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Vol. 66. Issue 3.
Pages 219 (March 2013)
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Vol. 66. Issue 3.
Pages 219 (March 2013)
Image in cardiology
DOI: 10.1016/j.rec.2011.03.012
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TAVI Through the Left Subclavian Artery With a LIMA Graft
Prótesis aórtica vía subclavia con bypass de mamaria
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Ignacio Cruz-Gonzáleza,
Corresponding author
, Javier Martín-Moreirasa, Ramiro Trillob
a Servicio de Cardiología, Hospital Universitario de Salamanca, Salamanca, Spain
b Servicio de Cardiología, Hospital Universitario de Santiago, Santiago de Compostela, A Coruña, Spain
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We describe the case of a 64-year-old man with severe symptomatic aortic stenosis and a history of hypertension, diabetes, renal failure, peripheral arterial disease, pulmonary hypertension, moderate mitral regurgitation, ventricular dysfunction, carotid stenosis, and prior surgical coronary revascularization (internal mammary artery to the left anterior descending artery, radial to the obtuse marginal, and saphenous to the interventricular artery). Because of the patient's high surgical risk, he was considered a candidate for a transcatheter aortic valve implantation.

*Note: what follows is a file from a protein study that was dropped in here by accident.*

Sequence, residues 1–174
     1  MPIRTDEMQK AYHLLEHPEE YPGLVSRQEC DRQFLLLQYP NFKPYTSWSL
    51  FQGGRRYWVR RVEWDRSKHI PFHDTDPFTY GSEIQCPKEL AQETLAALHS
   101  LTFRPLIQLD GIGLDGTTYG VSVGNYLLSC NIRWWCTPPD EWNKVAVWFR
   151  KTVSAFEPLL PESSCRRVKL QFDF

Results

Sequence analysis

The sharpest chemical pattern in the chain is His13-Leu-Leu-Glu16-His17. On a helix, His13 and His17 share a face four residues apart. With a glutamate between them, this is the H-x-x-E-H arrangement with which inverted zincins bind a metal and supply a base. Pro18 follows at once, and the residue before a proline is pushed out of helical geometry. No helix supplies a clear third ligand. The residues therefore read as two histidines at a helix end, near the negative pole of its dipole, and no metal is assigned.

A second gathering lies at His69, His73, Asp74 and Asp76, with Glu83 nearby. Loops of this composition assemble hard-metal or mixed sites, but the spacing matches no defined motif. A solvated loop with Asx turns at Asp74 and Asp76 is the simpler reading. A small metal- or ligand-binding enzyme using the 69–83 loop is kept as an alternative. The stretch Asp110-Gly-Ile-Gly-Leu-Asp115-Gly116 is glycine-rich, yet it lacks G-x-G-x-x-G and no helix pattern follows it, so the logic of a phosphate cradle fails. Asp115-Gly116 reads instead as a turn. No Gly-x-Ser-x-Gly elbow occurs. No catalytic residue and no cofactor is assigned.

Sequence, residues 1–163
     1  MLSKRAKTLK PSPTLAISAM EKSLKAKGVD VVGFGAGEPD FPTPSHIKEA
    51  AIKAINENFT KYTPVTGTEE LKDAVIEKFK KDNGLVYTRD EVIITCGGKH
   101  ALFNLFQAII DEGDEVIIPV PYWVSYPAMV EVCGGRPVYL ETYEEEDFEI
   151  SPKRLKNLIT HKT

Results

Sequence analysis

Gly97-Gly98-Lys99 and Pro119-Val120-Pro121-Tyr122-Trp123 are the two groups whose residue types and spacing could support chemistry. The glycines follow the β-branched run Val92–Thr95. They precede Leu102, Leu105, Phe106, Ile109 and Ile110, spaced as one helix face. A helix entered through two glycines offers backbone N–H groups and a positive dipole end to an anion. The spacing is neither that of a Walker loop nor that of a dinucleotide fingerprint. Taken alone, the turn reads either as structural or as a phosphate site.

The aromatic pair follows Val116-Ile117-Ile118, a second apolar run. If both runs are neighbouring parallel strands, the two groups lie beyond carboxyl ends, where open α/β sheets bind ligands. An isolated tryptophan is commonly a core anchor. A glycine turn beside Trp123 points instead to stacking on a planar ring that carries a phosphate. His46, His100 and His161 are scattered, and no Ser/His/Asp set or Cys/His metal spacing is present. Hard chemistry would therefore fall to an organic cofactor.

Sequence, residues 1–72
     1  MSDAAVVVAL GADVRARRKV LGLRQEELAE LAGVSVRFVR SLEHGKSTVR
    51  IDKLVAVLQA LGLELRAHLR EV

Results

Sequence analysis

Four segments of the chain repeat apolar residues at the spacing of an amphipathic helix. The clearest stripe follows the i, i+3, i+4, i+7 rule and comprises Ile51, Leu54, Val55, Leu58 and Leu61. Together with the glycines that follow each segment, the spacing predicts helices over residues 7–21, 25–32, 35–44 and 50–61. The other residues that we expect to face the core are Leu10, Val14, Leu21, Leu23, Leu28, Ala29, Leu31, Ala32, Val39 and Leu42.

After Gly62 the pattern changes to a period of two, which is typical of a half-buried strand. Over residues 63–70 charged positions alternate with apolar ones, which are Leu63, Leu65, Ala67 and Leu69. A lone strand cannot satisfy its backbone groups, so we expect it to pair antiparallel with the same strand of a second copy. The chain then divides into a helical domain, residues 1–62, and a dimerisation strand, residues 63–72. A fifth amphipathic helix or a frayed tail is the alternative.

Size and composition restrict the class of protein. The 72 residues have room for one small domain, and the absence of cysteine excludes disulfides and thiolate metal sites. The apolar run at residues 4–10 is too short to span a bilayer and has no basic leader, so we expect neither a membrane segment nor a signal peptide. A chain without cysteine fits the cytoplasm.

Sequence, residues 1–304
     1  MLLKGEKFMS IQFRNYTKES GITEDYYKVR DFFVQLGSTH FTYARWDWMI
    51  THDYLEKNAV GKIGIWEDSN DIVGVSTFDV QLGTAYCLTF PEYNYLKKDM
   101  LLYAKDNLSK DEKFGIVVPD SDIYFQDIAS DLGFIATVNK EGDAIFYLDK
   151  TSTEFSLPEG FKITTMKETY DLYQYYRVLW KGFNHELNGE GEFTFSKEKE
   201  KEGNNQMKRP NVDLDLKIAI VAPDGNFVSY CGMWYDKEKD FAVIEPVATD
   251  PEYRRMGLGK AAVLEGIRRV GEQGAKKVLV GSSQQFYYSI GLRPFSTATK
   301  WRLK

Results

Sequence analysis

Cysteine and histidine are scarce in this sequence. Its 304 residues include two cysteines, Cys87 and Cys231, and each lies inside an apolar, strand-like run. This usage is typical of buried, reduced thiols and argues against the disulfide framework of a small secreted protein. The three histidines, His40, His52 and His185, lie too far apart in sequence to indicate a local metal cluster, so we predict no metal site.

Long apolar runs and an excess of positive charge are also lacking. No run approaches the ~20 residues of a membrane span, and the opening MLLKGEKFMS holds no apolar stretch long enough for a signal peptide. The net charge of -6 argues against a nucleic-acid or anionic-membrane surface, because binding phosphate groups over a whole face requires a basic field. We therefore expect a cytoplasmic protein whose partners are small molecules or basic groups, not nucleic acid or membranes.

Following assessment of the different possibilities, implantation through a subclavian access was decided. The subclavian artery was exposed with a mini-incision and canalized following direct puncture. An 18-Fr introducer was advanced and maintained proximal to the origin of the mammary artery (Fig. 1A). A 29-mm CoreValve prosthesis (Medtronic) was implanted without complications (Figs. 1B and C). The mammary artery was seen to be unaffected on follow-up angiography (Fig. 1D).

Figure 1
(0.23MB).

Transaxillary or subclavian access is used as an alternative to the femoral or transapical route for transcatheter implantation of an aortic prosthesis. If the internal mammary artery has been used previously for coronary revascularization, use of this approach is considered contraindicated because of the potential for injury to the origin of the mammary artery when the introducer is advanced. It has been recently reported that this access is safe to advance the introducer to the ascending aorta, even in the presence of a mammary bypass. Nonetheless, the case presented is the first in which the implant was performed while maintaining the introducer proximal to the origin of the mammary artery, which reduces the risk of complications.

Copyright © 2011. Sociedad Española de Cardiología
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